Hundreds of protesters have clashed with police guarding the US embassy in Cairo as anger against an anti-Muslim film spreads across the Middle East.
Egypt's ruling Muslim Brotherhood has now withdrawn its call for a million-man march in the Egyptian capital after Friday prayers.
The anger has been sparked by a US-made video depicting the Prophet Mohammed having sex, calling for massacres, and as a homosexual.
Protesters attacked a 15ft-high concrete wall built by police across the road to the fortified US compound near Tahrir Square. TV pictures showed demonstrators throwing stones, and police throwing stones back.
In Yemen, security forces clashed with hundreds of protesters near the US embassy in Sanaa, a day after demonstrators stormed the compound. AFP news service said police had opened fire on the crowds, but there was no word on injuries.
Local media said US marines had flown into Sanaa's international airport on Thursday to bolster the embassy's security.
At least one person died and 15 were injured during Thursday's demonstration. Yemen's President Abd-Rabbu Mansour Hadi condemned the attack.
In Bangladesh, some 10,000 protesters burned American and Israeli flags and chanted "God is Great" and "Smash the black hands of Jews" as they tried to march to the US embassy in the capital Dhaka.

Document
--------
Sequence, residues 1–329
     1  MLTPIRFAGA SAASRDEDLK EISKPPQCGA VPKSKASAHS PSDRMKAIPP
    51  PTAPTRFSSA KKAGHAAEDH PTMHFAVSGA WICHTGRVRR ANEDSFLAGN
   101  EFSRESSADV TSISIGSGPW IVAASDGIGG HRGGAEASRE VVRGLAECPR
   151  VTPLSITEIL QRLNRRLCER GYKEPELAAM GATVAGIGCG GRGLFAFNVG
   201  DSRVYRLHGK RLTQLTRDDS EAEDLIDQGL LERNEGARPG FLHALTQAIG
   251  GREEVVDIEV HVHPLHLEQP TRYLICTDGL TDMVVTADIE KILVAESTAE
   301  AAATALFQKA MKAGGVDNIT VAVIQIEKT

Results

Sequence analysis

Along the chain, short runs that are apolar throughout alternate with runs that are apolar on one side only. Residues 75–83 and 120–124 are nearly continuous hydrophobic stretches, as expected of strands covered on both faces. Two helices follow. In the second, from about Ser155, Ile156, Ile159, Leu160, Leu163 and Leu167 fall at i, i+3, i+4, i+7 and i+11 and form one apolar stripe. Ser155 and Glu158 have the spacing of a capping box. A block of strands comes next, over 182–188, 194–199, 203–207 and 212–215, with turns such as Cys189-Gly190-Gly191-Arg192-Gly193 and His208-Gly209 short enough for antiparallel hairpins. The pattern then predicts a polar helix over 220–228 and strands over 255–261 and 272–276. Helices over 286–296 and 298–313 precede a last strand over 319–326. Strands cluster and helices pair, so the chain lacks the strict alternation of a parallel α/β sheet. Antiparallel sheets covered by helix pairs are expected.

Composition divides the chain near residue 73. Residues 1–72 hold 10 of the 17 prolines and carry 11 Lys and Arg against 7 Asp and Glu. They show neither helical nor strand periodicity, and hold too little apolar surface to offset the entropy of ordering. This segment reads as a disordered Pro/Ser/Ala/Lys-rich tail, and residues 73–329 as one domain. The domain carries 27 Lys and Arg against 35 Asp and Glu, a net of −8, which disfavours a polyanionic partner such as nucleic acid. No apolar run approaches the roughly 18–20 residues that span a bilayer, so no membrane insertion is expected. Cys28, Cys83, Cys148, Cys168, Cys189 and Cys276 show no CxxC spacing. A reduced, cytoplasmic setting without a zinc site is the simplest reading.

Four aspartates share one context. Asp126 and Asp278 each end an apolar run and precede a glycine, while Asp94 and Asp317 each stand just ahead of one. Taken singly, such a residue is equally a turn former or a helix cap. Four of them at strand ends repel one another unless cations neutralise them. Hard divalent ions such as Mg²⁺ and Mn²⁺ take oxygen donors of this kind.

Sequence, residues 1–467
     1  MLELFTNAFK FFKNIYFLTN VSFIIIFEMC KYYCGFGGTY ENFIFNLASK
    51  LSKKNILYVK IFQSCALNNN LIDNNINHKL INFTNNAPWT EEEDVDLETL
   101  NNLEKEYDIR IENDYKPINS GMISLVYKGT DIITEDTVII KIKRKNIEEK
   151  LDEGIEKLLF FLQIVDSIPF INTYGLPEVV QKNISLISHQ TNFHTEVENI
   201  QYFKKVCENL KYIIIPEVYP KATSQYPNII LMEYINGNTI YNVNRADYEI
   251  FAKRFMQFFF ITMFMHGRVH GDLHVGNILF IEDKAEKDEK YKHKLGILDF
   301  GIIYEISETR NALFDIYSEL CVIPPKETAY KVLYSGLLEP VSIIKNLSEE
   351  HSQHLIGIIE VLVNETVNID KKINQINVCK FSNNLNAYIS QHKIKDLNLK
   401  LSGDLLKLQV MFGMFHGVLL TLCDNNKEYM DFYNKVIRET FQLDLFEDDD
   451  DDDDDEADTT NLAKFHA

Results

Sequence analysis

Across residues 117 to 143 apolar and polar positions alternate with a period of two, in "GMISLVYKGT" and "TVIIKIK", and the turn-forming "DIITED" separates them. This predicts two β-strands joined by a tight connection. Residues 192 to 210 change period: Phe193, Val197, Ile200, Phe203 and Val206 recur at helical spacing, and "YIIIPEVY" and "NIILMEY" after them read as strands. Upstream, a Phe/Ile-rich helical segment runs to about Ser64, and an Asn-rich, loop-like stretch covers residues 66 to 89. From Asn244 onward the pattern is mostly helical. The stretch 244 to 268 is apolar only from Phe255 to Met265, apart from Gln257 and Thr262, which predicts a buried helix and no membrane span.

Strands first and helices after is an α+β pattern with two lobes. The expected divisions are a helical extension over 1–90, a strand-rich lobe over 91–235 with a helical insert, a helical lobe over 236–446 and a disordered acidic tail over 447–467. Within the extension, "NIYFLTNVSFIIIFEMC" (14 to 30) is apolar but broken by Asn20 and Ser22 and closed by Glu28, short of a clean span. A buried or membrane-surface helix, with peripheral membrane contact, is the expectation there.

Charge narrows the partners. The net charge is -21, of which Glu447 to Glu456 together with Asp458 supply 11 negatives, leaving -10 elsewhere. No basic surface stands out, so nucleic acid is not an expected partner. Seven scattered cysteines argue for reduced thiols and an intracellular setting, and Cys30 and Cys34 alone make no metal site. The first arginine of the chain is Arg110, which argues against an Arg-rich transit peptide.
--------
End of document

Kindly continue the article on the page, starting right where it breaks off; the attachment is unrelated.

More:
They were stopped by hundreds of armed police and armoured personnel carriers.
In Indonesia, the world's largest Muslim-majority nation, 250 riot police guarded the US embassy in Jakarta as some 450 people protested outside. Some carried banners reading: "We condemn the insult against Allah's messenger" and "There is no God but Allah".
Demonstrations are also due to take place in Sudan, after state-backed Islamic scholars urged people to "defend Prophet Mohammed".
Salah el Din Awad, general secretary of the scholars' group in Khartoum state, said: "We have 5,000 mosques in Khartoum with two million people attending Friday prayers. We will all go out to defend Prophet Mohammed. We will do this peacefully but with strength."
Religious clerics in Pakistan joined calls for a day of protests, while further demonstrations are likely to continue in countries including Kuwait, Tunisia, and Morocco.
Britain's Defence Secretary Philip Hammond has raised concerns about the potential for the unrest to spread to Afghanistan. In a newspaper interview, he said security is being boosted around British bases.
The violence followed Tuesday night's storming of the US Consulate and a safe house in Benghazi, Libya, in which the US ambassador to Libya, Chris Stevens, and three other American officials were killed.
President Barack Obama said the perpetrators would be tracked down and ordered two destroyers to head to the Libyan coast.
Eastern Libya's deputy interior minister, Wanis el Sharef, said the film protests were a cover for a violent assault planned to coincide with the 11th anniversary of the September 11 terror attacks.